The Bell spokesperson also said the company had offered to cancel Ramsay’s contract without penalty.
Ramsay told Go Public that he didn’t cancel, because he wanted the services at the price he had [verbally] negotiated.
CCTS changes tune
In an apparent turnaround, when Go Public contacted the CCTS to discuss Ramsay’s victory, commissioner Howard Maker said the organization believes an oral contract is binding.
“If a customer calls a service provider on the phone and they make a deal for a package of services for a fixed price, that’s a deal,” said Maker.
It’s also the opposite of what the CCTS employee handling Ramsay’s case determined.
“We are human,” said Maker. “So did we make an error? Maybe … we’ll do our analysis … and we’ll take appropriate steps.”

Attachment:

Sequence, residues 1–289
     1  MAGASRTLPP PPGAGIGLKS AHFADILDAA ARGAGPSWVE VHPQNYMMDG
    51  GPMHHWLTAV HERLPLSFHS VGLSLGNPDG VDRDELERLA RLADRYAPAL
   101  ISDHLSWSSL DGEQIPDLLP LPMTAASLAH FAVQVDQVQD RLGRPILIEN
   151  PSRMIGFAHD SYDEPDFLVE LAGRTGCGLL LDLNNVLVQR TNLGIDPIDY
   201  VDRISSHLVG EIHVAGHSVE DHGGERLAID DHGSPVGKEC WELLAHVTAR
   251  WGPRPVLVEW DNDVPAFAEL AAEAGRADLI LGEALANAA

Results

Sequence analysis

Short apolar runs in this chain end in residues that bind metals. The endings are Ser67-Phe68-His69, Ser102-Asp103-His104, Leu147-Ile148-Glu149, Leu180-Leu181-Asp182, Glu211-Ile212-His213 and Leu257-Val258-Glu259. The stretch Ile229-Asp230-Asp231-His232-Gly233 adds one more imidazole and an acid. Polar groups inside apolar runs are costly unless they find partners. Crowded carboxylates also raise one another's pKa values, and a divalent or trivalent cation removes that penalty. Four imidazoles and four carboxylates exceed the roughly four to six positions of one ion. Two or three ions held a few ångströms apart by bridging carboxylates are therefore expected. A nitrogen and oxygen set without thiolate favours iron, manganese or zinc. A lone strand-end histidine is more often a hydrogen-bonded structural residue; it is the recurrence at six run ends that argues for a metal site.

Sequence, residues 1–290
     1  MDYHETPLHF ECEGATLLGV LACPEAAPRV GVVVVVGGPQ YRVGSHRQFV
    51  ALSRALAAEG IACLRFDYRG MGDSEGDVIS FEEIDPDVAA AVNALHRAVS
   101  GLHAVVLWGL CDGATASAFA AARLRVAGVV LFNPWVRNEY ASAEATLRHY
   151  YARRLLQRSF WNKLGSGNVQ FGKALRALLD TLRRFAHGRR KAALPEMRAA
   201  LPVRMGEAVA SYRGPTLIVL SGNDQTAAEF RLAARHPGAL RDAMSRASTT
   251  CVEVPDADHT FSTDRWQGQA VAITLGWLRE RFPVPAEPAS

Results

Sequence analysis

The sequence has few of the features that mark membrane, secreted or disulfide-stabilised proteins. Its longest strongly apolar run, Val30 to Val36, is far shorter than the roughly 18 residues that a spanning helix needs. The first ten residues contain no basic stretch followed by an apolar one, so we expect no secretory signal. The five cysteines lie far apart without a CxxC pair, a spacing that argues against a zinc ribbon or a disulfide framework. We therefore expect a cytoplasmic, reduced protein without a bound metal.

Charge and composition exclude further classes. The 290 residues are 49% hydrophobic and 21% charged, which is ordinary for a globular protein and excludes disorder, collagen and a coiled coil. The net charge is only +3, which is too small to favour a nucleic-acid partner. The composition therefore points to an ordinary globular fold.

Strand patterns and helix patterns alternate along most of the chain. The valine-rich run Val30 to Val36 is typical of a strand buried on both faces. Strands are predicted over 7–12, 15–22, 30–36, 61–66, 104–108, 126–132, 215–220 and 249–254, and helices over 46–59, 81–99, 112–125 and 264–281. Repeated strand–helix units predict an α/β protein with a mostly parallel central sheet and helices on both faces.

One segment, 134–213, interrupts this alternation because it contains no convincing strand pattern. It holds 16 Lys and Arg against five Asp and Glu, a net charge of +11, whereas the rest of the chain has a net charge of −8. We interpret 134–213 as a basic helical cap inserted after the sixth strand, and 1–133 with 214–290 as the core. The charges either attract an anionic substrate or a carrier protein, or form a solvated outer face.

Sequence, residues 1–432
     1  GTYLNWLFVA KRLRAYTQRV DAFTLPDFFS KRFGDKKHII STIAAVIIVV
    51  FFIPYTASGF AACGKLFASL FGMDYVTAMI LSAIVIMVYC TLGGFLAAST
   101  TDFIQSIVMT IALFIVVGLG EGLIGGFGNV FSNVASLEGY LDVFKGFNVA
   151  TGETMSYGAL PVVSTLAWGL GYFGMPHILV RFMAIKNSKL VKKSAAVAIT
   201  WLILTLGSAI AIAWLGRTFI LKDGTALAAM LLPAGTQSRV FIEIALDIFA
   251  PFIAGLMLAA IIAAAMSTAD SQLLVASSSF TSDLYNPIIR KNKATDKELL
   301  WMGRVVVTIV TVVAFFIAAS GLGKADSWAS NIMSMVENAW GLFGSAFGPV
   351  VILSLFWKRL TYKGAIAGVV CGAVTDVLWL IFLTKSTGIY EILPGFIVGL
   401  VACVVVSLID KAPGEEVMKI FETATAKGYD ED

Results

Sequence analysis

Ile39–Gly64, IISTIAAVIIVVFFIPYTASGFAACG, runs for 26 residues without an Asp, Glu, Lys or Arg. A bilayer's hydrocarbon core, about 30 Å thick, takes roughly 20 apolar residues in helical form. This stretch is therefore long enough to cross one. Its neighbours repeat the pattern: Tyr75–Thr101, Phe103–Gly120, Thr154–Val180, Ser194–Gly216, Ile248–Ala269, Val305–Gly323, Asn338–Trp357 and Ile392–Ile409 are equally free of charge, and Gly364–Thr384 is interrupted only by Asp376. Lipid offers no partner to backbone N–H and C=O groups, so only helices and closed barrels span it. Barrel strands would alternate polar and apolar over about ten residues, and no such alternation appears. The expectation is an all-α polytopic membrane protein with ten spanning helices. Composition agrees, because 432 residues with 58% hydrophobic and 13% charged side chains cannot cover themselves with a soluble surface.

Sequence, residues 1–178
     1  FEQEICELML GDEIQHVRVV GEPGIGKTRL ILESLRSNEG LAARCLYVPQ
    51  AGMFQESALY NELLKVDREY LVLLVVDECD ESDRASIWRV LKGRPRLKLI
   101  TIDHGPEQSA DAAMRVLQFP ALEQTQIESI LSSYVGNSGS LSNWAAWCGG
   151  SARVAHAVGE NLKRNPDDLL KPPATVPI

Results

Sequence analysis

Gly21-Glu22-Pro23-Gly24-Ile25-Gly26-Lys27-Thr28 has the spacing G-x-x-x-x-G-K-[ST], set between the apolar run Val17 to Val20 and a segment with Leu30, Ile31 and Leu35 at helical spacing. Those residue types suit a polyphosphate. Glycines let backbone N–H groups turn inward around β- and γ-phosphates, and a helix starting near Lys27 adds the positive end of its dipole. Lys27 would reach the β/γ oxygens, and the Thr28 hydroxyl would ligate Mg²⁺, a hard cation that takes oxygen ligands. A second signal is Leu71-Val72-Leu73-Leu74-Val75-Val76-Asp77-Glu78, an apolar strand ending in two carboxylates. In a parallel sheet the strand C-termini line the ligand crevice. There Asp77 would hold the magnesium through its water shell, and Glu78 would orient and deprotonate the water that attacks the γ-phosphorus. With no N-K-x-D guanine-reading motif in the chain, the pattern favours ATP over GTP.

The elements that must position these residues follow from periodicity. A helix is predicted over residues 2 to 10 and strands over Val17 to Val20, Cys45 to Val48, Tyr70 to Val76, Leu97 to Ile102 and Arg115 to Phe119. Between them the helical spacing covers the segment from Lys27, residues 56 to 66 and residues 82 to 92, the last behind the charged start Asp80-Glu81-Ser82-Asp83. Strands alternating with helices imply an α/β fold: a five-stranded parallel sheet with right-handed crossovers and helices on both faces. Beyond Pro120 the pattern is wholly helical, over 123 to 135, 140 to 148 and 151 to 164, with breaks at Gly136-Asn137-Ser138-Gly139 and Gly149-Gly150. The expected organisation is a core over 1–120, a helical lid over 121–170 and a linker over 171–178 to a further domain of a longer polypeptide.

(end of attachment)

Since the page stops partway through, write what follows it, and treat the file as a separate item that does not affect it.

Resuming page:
Ramsay wants the CCTS to re-open similar cases where staff erroneously told customers they had to pay price increases when a telecom sales rep didn’t inform them of those changes before locking them into a contract.
“I’m sure they have hundreds of cases just like mine,” says Ramsay. “So I think it’s incumbent on the CCTS to take notice of this and review a bunch of those cases.”
Grounds for class action
Meanwhile, an expert on contract law says he foresees a lot of consumer interest in this “David vs. Goliath” case.
“It should really make consumers feel very confident,” says Anthony Daimsis, a contract law professor at the University of Ottawa.
“Should they choose to all get together, instead of having to deal with these claims one at a time, they could probably make a very good case for one big class action.”
Even though the case was heard in small claims court, Daimsis says the judgment was “persuasive” and likely how a higher court would rule.
Daimsis considers the judgment a warning to all telecom providers.
“What it should signal to other outfits that are operating this way, is that this is not the way Canadian courts will accept how larger parties act with consumers.”